Finely tuned kvetch Jackie Hoffman is back with her sendup of Charles Dickens’ “A Christmas Carol.” She performed a version of it last year, which I did not see. This incarnation has at least a few updates (Hoffman alludes to the death of Larry Hagman and to the tepid response to Broadway’s “Scandalous”).
In any case, “A Chanukah Charol”—co-written and directed by Michael Schiralli— is classic Hoffman, trading on her reputation as a cranky pessimist with issues about her heritage (“I’m a self-loathing Jew—on a good day”) and her less-than-stellar career trajectory. Her humor is as predictable as the constant barrage of Christmas music that drives Hoffman to distraction each December. That predictability is compounded by her use of the overly parodied Dickens story.
I laughed out loud more than once during “A Chanukah Carol,” though I enjoyed Hoffman’s comedy more when I saw her less-narrative-based act at 54 Below earlier this year. In “Charol,” she enthusiastically—and with varying degrees of success— takes on roles other than Jackie Hoffman, everyone from Patrick Stewart (who serves as narrator for the tale) to Shelley Winters (in the guise of the Ghost of Chanukah Present) to a not-always-heavenly host of Jewish stock characters, including hostile and indifferent members of the audience at a disastrous Chanukah show that Scrooge-Hoffman performs at a synagogue in Rosedale, Queens.
It’s at that particular “syna-gig” that the Dickensian tale unfolds. In her makeshift dressing room, the demoralized Hoffman dreams a tranquilizer-and-Manischewitz-inspired vision. Ghostly figures take her back to her early days in Queens, allow her to view the present from a different vantage point, and finally direct her attention to a bleak future in which only the presence of Broadway’s “Mamma Mia” seems familiar territory. All the tsimmes is intended to bring out Hoffman’s appreciation of the true spirit of Chanukah—to get the kvetch to kvell just a little.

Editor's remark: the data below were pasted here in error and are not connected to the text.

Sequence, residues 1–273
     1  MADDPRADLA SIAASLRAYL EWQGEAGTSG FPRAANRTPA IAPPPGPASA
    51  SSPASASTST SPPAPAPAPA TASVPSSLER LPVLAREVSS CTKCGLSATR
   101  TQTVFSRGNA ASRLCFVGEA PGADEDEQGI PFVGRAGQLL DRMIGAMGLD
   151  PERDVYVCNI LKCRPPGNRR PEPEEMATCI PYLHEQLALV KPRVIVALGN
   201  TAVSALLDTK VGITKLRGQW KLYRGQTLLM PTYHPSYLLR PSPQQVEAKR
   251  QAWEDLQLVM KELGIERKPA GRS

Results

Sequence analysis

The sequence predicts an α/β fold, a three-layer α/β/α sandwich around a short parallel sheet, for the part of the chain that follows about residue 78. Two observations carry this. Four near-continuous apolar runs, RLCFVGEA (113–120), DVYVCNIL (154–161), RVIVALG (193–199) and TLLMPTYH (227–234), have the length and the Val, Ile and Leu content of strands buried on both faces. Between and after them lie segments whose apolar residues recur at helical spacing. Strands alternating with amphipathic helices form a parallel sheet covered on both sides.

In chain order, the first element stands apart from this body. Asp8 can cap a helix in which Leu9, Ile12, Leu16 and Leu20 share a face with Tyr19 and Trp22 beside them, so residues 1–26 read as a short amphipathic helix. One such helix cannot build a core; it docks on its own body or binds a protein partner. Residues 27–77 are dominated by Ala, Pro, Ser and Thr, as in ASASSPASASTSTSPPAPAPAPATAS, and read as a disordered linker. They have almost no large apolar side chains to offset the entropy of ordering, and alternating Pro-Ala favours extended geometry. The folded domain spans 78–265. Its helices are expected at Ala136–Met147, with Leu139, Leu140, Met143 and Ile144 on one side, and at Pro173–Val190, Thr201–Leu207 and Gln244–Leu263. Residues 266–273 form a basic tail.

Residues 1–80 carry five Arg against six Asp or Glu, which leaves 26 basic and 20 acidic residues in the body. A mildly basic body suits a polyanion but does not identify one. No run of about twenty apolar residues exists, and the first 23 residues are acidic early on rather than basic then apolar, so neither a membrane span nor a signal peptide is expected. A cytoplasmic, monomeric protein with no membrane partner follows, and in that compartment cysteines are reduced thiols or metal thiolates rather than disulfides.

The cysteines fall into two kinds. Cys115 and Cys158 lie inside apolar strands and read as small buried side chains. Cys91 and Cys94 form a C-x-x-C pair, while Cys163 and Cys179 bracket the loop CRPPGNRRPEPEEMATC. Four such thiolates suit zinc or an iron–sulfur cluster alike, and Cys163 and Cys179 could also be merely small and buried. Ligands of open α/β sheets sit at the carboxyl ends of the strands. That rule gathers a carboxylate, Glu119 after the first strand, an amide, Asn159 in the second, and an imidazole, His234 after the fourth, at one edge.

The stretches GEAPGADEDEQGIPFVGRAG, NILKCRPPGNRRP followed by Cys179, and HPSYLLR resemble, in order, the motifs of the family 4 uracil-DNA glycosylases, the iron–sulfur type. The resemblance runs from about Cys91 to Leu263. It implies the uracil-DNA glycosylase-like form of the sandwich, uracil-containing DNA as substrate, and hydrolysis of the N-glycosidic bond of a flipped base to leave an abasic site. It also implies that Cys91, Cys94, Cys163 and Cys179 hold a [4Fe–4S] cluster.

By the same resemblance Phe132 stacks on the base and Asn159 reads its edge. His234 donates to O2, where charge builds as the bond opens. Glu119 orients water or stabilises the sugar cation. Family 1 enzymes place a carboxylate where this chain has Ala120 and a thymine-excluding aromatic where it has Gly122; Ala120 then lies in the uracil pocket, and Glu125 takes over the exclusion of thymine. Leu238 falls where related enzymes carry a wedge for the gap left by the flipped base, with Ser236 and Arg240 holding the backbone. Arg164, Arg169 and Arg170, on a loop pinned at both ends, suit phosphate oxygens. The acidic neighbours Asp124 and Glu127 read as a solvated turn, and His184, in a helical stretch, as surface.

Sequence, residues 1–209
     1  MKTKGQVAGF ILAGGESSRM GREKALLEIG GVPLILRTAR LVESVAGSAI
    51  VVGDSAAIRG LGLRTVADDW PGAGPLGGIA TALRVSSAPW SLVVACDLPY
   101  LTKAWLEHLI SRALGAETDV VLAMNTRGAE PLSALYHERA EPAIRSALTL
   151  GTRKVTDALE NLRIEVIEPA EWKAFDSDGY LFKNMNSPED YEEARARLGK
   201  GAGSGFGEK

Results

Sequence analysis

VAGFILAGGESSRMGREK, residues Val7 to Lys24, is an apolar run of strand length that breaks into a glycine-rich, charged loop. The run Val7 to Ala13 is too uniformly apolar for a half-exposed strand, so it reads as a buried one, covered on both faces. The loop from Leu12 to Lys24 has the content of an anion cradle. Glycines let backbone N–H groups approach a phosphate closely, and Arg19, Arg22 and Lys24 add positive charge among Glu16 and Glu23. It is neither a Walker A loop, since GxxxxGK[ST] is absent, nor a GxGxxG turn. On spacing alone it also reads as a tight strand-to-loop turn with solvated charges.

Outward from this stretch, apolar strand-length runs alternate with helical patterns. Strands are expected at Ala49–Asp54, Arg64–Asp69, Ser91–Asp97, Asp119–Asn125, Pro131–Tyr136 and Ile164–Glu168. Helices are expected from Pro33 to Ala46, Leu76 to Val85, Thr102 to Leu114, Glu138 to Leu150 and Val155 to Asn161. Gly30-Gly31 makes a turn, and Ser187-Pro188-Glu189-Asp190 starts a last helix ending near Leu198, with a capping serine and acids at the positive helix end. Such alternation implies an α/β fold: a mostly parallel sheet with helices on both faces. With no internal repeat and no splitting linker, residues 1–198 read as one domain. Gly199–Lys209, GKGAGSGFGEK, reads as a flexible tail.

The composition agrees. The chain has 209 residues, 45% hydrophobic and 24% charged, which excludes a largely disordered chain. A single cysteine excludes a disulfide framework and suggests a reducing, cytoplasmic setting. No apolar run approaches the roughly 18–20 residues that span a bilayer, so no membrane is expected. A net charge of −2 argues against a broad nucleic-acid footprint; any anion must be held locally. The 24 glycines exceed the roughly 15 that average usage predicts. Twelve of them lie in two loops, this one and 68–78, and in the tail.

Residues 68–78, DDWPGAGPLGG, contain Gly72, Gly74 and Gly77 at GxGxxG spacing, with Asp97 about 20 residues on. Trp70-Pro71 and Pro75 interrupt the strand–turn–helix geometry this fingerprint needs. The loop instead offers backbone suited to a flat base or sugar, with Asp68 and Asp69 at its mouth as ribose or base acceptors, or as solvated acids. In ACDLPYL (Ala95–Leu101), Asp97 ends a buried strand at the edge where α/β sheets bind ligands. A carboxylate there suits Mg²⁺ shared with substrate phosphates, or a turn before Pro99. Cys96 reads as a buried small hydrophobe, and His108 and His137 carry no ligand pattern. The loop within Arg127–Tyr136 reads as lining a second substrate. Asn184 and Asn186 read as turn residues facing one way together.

Hoffman’s comedy depends largely on repetition-heavy patterns, battering a gag to within an inch of its laugh. She’ll plant a comic line early on and circle back to it later, hoping for a good payoff. You expect a joke, and there it comes, but you probably laugh anyway. I predicted the show’s final punch line long before it arrived but would likely have been disappointed if I’d guessed wrong.
The humor is outrageous only to the extent that Hoffman plays with some old-school ethnic stereotypes and drops a plenitude of F-bombs. I found some of her more off-the-wall tangents more interesting, particularly her riff on Tiny Kim, the Thai-American delivery boy from Pinkberry who engages his mother in an informed aesthetic analysis of the Jackie Hoffman career. Yes, it’s the old “everybody’s a critic” jest, but it’s cheekily rebranded.
I wish there were more absurd sequences such as that one in “A Chanukah Charol.” But the holidays are all about tradition. I consumed the fruitcake—or in this case the kugel—enthusiastically, though it probably tasted fresher some time back.
Presented by and at New World Stages, 340 W. 50th St., NYC. Dec. 8–29. (212) 239-6200, (800) 432-7250, or www.telecharge.com.
Critic’s Score: B+